The banning of yeast has been touted by the public and Premier Daniel Suidani of Malaita province is also openly supportive of the idea.

The call to ban yeast has come about because of increasing social disorders and disturbances caused by home brew, and the popular kwaso. One of the key ingredients in making home brewed alcohol is yeast.

So, the rational is, and now promoted by many, if we ban yeast it will limit or stop the production and consumption of home brewed alcohol and related social problems.

But it may not be that simple. Grace Judah, a mother of four young children who relies on the income she gets from the baking and selling of cakes, says the banning of yeast is the wrong approach.

"I think that the move to ban yeast, if it is true, will affect all market vendors where most sell cakes as a way of earning income.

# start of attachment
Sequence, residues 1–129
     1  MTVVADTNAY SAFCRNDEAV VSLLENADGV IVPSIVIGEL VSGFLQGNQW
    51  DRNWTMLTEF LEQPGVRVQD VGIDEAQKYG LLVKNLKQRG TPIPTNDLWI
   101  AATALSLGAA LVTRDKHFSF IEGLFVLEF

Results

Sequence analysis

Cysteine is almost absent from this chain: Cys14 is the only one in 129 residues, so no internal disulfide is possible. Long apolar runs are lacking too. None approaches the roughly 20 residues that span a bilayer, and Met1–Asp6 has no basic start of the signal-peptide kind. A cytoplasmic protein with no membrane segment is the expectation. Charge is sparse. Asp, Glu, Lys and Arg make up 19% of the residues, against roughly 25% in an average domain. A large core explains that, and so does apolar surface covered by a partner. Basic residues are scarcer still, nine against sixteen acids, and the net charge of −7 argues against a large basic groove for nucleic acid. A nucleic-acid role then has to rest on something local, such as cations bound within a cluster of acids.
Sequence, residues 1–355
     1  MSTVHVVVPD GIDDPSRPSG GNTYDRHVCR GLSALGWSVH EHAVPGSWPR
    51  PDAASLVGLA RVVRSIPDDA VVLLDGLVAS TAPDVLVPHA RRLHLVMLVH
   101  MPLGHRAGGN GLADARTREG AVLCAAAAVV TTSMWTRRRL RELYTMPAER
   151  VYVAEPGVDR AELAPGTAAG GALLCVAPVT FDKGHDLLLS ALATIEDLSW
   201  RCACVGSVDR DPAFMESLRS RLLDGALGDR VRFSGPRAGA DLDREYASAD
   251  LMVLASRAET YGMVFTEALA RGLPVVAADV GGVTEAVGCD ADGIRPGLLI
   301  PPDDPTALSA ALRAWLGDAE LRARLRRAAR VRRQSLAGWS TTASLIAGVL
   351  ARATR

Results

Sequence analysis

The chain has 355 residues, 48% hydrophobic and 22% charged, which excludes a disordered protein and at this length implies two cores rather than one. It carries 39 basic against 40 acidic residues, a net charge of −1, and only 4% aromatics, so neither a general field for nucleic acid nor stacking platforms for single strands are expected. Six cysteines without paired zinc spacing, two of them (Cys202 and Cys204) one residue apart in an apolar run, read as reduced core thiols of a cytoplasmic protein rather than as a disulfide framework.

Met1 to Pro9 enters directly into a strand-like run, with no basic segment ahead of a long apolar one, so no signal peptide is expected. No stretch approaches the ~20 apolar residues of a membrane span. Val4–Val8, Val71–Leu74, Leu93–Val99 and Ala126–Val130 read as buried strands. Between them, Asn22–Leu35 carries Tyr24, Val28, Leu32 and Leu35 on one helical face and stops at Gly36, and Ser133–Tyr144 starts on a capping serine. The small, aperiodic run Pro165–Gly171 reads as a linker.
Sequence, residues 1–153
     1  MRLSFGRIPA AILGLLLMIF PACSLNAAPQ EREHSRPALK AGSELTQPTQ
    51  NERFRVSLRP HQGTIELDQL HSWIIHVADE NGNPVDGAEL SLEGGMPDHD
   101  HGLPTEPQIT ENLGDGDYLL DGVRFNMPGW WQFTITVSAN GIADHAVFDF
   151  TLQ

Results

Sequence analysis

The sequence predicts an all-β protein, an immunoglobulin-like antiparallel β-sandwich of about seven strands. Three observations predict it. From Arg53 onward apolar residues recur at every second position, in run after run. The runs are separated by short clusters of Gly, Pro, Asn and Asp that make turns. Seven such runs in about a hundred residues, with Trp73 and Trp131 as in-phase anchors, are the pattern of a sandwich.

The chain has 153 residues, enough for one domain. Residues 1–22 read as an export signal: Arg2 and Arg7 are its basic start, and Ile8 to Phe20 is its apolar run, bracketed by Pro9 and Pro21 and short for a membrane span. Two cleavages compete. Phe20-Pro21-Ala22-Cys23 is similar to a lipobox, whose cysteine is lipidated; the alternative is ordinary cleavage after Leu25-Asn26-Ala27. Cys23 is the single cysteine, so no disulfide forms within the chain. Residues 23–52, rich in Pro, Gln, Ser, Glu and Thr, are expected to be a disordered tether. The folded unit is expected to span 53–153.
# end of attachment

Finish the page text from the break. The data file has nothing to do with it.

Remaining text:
“I am here everyday with my cakes, and I do this so that my family can survive. This is the most popular way to make money for most mothers I know who are not employed.

“I do not think yeast is the problem, the problem is those that brew kwaso, we just need to target them because they are the ones doing illegal activity, not us the mothers,” a visibly frustrated Grace said.

Illegal homebrew and the more popular commercial scale kwaso production has been a problem for decades. Arrests have been made, makeshift kwaso kitchens have been destroyed, yet this has not deterred people from brewing illegal alcohol.

People make homebrew and buy kwaso because it is cheap, and with the increasing tax on beer, wine and spirits, legal booze is now too expensive for many.

Those familiar with the issue say the banning of yeast is possible, and an approach being discussed is to limit its import to bakeries and approved outlets. It may also mean limiting the purchase of yeast by a single customer.